This Day Our Daily Bread

It can be frustrating and scary how often I find myself in seasons of dryness, dullness, and doubt. It’s frustrating because I feel in my heart of hearts I want to believe and treasure the Gospel.  Why, I impatiently wonder, won’t my feelings follow my will? Scary, because it feels like my Christian life is often more characterized by wanting to love the Gospel, than an actual experience of loving the Gospel. What does that say about me?

There’s a voice inside that tells me: ‘You feel dry and dull because you don’t actually love the Gospel. You doubt because you don’t actually believe the Gospel. You’re just afraid to admit it. You can’t admit it because you have too much at stake, don’t you? But if you love and believe Jesus, then why do you have to try so hard to find joy in Him?’

What do I tell that voice when it comes? After all, isn’t it right? I’ve been a Christian for so many years, shouldn’t I be better by now? Shouldn’t I trust him more? Why does my faith still feel so fragile? Why do I still have to write posts like this?

A few months ago, I was listening to a talk by Kathy Keller at a Redeemer conference on singleness. She shares this quote from an article that had been helpful for her:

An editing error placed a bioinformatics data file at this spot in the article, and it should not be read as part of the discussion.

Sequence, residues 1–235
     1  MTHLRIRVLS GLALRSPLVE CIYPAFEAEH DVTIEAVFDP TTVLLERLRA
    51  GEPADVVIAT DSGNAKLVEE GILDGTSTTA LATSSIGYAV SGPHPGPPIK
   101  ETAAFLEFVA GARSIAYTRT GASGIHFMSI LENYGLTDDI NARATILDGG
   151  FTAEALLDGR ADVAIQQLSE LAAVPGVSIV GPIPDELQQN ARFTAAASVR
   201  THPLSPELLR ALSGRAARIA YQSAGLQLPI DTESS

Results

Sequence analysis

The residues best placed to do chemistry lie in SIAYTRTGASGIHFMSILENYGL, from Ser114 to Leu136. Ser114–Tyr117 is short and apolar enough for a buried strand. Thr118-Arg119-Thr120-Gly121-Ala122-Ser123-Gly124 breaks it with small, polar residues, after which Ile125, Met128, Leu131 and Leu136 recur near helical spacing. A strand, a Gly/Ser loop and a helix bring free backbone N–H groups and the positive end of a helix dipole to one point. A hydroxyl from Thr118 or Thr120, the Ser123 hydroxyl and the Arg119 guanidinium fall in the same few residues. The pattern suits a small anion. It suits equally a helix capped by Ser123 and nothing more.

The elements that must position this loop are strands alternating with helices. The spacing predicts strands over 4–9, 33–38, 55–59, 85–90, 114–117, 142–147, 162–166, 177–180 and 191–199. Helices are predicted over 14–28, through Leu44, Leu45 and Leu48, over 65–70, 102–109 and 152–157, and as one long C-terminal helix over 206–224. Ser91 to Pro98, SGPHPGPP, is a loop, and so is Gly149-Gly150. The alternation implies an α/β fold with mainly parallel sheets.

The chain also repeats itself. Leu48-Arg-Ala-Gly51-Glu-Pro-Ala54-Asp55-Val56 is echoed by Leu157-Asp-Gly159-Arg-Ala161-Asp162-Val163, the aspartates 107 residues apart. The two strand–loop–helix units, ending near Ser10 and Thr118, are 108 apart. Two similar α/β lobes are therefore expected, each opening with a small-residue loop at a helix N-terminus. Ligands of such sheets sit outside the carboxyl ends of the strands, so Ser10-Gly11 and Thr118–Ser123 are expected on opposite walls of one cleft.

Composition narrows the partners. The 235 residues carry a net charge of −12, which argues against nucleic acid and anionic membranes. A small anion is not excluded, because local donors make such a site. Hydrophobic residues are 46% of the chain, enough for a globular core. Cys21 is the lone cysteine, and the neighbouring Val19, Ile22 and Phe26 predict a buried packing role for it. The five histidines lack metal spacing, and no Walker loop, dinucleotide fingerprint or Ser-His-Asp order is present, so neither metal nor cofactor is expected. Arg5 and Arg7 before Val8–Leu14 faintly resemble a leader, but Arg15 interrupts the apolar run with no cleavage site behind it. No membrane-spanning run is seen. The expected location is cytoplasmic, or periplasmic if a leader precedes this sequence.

If the thought of enduring your marriage or lack of marriage for the rest of your life is daunting, it is because God doesn’t hand out grace in a lifetime supply. He provides it one day at a time. If you feel like God has not given you the capacity to love your spouse for a lifetime, that’s because he hasn’t. But he has given you exactly what you need to be loving today. Furthermore, God has not given celibates the grace to bear a lifetime of solitude. But he will give you what you need to make it through this day.

…God will give us what we need, but he will not give it to us until we need it. He didn’t give the Israelites enough food to last through forty years in the wilderness; he gave them manna one day at a time. None of us has a lifelong stockpile of grace, but we can look forward to God’s faithfulness over a lifetime, offered to us one day at a time.

The quote mostly refers to difficulties with singleness and marriage, but I’ve found it helpful and practical in seasons of doubt and dryness.